I got another call from the principal. I think she has me on speed dial.
Yesterday was all-school Reconciliation day at my kids’ Catholic school. That means every Catholic student goes to confession. It also means that my son had the opportunity to repent. My son. The child who once thought the Pope was really tall because I called him our highest priest.
If you don’t know about the sacrament of Penance and Reconciliation, the Catechism of the Catholic Church states, “Sin is before all else an offense against God, a rupture of communion with him. At the same time it damages communion with the Church. For this reason conversion entails both God’s forgiveness and reconciliation with the Church…”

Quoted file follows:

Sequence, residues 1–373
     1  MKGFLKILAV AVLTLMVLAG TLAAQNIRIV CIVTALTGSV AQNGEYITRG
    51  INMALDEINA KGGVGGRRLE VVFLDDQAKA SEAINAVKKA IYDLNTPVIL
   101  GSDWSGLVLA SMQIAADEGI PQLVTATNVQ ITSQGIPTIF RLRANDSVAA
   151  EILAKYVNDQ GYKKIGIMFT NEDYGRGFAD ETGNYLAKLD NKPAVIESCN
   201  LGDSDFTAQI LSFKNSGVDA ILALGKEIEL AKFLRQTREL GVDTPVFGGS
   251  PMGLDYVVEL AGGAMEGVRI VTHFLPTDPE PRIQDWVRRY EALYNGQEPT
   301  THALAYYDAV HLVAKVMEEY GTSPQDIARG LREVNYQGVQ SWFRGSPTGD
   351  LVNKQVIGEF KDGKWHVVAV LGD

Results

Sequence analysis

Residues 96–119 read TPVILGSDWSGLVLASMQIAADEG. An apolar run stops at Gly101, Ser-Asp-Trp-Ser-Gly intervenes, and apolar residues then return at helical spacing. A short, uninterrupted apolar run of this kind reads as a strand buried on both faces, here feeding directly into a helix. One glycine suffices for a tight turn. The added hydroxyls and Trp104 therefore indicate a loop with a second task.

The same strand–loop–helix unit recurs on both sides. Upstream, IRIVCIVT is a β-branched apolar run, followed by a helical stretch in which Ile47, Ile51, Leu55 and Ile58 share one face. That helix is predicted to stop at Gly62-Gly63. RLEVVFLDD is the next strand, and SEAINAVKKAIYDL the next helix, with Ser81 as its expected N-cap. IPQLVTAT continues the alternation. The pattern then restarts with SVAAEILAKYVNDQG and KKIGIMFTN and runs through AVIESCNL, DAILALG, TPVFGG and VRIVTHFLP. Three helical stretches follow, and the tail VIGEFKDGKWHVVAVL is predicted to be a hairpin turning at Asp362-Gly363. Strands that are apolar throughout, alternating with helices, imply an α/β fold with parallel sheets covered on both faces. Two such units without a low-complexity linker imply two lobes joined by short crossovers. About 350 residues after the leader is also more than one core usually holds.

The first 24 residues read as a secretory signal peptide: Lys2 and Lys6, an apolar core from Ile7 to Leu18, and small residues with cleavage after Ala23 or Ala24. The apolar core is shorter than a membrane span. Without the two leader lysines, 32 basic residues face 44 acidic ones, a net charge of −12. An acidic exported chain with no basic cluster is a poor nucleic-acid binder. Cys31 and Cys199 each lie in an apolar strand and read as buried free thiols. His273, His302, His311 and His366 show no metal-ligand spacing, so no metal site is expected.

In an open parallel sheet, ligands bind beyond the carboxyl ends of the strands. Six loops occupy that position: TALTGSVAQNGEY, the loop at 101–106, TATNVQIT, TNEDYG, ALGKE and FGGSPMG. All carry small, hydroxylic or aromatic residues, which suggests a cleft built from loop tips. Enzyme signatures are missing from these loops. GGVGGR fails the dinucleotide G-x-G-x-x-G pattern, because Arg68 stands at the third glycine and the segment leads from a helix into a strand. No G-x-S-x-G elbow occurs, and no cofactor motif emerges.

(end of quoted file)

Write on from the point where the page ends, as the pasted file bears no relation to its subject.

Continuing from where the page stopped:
That means you have to get your mind right with both entities. Though some will argue that God and the Church are one entity, that is a discussion for another blog post on someone else’s site where people like to argue.
A lot of people think confession is an archaic tradition, but I find it really therapeutic. It’s a time for a lot of self-reflection and re-centering, though I can’t say that my 10 year old son sees it through my, more mature, eyes.
Most kids (and some adults) hate going to Reconciliation. It’s embarrassing and humbling, and a lot of children don’t know how to handle those feelings. Apparently, though, not my kid. According to the principal, he went to two confessions, with two different priests, and was on his way into see a third one when he was “caught.”
He says it was because he couldn’t decide who to talk to, but I think he was either trying to get extra forgiveness or split up his sins so he didn’t look as bad.